Thursday, June 24, 2021

    Nonproductive Debt May Stunt Nigeria’s Economic Growth in Q3 2019 as Consumer Inflation Surges

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    Godwin Okafor
    Godwin Okafor is a Financial Journalist, Internet Social Entrepreneur and Founder of Naija247news Media Limited. He has over 16 years experience in financial journalism. His experience cuts across traditional and digital media. He started his journalism career at Business Day, Nigeria and founded Naija247news Media in 2010. Godwin holds a Bachelors degree in Industrial Relations and Personnel Management from the Lagos State University, Ojo, Lagos. He is an alumni of Lagos Business School and a Fellow of the University of Pennsylvania (Wharton Seminar for Business Journalists). Over the years, he has won a number of journalism awards. Godwin is the chairman of Emmerich Resources Limited, the publisher of Naija247news.

    Recently released September inflation report showed that headline inflation rate rose to 11.24% year-on-year (from 11.02% in August 2019), a sharp reversal, and the highest in three months.

    The northward movement in the annual inflation was chiefly due to the sharp increase in annual food inflation rate, in addition to the gentle upshift in core inflation rate which, howbeit, remains single-digit.

    Particularly, annual food inflation rate jumped to 13.57% in September 2019 from 13.17% in August 2019. Also, monthly food inflation climbed m-o-m to 1.30% in the month of September, from 1.22% in the month of August, amid the closure of Nigeria’s land borders.

    August food inflation rate rose to 16.65% (from 14.61%), 16.57% (from 14.08%), 16.31% (from 15.12%) and 16.08% (from 15.04%) in Niger State, Nassarawa, Abuja and Ogun States respectively.

    Annual core inflation rate rose to 8.94% y-o-y in September 2019 from 8.68% in August 2019, partly arising from the rise in energy costs (0.16%) and transport (0.12%).

    Also, we saw core inflation rate rise on a monthly basis to 0.89% (from 0.67% in August). In the same vein, m-o-m change in price level for imported food increased by 1.28% amid the depreciation of the Naira against the USD at the interbank window where two months moving average foreign exchange rate rose (i.e Naira depreciated) m-o-m by 0.06% to N357.96/USD in September 2019.

    In terms of regional inflationary pressure, both urban and rural regions inflation rates rose to 10.77% and 11.78% respectively in September from 10.61% and 11.48% respectively in August.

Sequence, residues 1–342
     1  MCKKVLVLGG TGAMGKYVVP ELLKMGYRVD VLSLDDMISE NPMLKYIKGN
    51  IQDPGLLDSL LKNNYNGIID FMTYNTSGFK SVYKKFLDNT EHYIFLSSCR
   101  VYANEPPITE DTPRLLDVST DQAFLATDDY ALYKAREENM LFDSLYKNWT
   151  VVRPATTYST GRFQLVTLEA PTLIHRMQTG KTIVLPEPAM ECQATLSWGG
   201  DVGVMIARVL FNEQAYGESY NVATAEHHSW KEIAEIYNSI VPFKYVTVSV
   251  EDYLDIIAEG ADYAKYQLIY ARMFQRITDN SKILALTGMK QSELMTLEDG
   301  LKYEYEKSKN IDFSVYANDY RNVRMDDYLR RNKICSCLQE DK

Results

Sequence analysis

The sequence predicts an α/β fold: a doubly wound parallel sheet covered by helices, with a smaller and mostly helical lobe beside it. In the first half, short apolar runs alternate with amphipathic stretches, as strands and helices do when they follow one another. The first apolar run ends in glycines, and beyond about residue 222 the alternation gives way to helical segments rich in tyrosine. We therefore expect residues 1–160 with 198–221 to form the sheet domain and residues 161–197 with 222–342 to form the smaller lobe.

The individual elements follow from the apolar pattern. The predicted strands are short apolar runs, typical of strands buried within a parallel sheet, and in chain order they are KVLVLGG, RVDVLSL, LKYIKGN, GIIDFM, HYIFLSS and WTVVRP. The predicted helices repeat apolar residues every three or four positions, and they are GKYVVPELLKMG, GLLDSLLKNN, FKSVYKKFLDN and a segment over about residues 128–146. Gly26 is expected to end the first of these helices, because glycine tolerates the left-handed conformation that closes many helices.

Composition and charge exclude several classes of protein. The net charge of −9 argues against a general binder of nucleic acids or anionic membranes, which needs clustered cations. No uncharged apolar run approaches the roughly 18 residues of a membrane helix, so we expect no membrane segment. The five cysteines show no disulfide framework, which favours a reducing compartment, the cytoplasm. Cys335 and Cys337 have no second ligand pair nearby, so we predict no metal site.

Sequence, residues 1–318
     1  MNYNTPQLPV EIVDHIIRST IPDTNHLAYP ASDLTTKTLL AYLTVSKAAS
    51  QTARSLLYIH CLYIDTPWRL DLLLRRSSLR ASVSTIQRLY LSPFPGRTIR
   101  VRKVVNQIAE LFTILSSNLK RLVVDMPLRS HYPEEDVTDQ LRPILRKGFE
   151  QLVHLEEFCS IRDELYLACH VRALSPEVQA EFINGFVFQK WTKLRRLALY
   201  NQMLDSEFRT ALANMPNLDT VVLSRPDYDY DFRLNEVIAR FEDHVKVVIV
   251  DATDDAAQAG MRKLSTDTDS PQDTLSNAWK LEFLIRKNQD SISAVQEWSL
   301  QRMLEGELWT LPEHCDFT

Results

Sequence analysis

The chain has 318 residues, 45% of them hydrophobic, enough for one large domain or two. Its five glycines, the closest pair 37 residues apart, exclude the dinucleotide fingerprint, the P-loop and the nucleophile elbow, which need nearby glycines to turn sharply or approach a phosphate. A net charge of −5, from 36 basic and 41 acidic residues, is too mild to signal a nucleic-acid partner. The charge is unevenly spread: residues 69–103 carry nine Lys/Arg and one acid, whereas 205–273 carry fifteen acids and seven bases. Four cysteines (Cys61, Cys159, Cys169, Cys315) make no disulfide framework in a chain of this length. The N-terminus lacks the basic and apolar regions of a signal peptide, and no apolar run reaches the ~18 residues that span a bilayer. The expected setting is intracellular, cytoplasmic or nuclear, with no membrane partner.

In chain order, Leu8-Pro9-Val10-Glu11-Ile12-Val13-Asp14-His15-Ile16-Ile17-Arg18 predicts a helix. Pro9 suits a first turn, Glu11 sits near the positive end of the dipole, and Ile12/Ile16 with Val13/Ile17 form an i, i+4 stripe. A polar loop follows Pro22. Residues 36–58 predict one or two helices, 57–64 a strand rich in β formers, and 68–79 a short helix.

In another development, total debt figure released by the Debt Management Office (DMO) showed that Nigeria’s total public debt stock for the second quarter of 2019 increased by 3.01% to N25.70 trillion in June 2019 (from N24.95 trillion in March 2019).

    The increase in the country’s total debt stock was due to a rise in external debt stock as well as a slight increase in local debt stock. Specifically, external debt stock rose to N8.32 trillion (or USD27.16 billion at N306.40/USD) in June 2019 from N7.86 trillion (or USD25.61 billion at N306.95/USD) in March 2019.

    Although external debt stock rose, we saw external debt service payments decline to N77.30 billion (or USD252.30 million) in June 2019 from N109.66 billion (or USD357.26 million) in March 2019.

    Hence, implicit interest rate, annualised, rose to 2.32% in H1 2019 (from 1.94% in H1 2018). Similarly, local debt stock rose by 1.71% to N17.38 trillion in June 2019 (from N17.09 trillion in March 2019).

    Further breakdown of the domestic debt figure showed that Federal Government of Nigeria’s (FGN) domestic debt stock increased to N13.41 trillion in June (from N13.11 trillion in March); however, states’ share fell slightly to N3.96 trillion (from N3.97 trillion) in the same period.

    Domestic debt service payment fell q-o-q by 68.89% to N189.83 billion in Q2 2019 from N610.28 trillion in Q1 2019 despite the rise in local debt stock. Hence, implicit interest rate, annualised, fell to 4.64% in H1 2019 from 5.96% in H1 2018.

    The current administration’s debt management objective of subtituting external debt for local debt in line with its “60:40” debt mix target was missed as the local debt to external debt ratio stood at “68:32” in Q2 2019.

    We expect annual inflation rate to increase further in October as food prices increase following the recent border closure amidst supply gap.

    More so, we feel cost push inflation stemming from the huge infrastructure gap should further fuel the rising inflation rate. However, the increase should be limited as harvest season creeps in towards the end of the year.

    Meanwhile, Nigeria’s rising debt stock alongside significant infrastructure deficit speaks to the fact that much of its borrowings is being spent on consumption rather than on productive capital projects.

    Hence, we note that the high inflation rate (resulting from cost push factors and new minimum wage), coupled with the rising nonproductive debt and rising debt service are expected to further stunt economic growth.

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